We finally meet F2F and tie a few loose ends. It was a wise decision to leave the final project precisely as that: a project. If you try to involve people in a web-based task, a thousand things can go wrong, and as Murphy said, if one thing can go wrong, it will probably go wrong in the worst possible way. Anything from a blackout to a virus. Or a chronic problem like the one I'v got with firefox and the cookies.
At any rate, it is clear that you have to adapt your project to the realities of your teaching environment. It's not the same to twit with kids from the Eastern part of the city who get Blackberries on their birthdays than to make a blog with adults from Catia who don't even know what a URL is.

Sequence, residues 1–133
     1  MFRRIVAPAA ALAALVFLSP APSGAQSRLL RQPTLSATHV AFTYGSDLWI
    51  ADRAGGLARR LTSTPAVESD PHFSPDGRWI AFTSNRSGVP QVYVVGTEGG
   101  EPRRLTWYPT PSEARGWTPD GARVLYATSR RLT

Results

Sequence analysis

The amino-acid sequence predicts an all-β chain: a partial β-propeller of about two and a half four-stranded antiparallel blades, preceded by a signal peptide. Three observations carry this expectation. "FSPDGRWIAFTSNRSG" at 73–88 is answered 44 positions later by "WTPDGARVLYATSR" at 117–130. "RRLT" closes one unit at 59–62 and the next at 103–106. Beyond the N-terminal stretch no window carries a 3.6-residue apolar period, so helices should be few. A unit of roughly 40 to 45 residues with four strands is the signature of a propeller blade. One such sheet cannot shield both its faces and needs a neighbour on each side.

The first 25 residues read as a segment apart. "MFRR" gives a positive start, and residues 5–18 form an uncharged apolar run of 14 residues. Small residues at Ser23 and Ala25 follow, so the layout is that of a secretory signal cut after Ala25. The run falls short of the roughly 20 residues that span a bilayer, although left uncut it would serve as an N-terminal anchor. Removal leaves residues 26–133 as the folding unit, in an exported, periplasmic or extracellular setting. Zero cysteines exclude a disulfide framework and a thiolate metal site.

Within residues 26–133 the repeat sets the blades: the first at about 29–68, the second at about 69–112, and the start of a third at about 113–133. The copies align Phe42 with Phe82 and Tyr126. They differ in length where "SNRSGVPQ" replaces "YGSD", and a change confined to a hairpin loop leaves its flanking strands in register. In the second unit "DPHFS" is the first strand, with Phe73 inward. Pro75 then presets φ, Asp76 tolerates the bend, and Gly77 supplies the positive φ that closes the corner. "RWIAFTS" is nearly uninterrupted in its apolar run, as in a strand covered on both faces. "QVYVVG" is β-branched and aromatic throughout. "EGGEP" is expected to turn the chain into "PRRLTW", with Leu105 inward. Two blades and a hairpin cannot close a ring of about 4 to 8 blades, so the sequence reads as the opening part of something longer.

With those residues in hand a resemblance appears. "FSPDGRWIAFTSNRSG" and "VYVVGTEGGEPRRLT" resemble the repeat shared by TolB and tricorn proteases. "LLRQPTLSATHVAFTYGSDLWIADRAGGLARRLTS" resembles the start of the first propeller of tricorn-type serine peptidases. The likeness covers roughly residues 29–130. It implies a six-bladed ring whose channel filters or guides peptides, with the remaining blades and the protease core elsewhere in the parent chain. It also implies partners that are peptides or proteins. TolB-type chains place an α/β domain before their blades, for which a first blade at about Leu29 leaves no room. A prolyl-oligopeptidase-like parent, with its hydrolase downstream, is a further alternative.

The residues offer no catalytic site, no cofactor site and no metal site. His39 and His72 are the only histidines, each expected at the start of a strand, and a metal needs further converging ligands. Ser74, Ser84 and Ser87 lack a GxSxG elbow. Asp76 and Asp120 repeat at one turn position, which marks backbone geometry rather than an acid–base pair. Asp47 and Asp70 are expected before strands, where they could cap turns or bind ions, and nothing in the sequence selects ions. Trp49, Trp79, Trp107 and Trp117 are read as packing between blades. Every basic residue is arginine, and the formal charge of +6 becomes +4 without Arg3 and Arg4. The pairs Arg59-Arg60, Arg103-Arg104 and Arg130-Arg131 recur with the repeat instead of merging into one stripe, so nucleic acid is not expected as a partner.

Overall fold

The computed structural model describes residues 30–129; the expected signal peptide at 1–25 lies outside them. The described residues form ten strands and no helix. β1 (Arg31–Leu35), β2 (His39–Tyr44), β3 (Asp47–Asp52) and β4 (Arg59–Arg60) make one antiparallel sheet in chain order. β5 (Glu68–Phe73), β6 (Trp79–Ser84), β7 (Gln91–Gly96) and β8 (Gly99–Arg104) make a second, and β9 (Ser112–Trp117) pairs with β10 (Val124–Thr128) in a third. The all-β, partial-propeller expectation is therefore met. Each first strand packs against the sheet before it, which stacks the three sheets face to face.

Thus, my project must be focused to a modest, gradual introduction to the tools, following the logic of their own complexity: starting with Web 1.0, on to the creation of blogs, up to their production and maintenance.
It is essential to work with the most knowledgeable of the students first and ask them to act as multipliers with the others.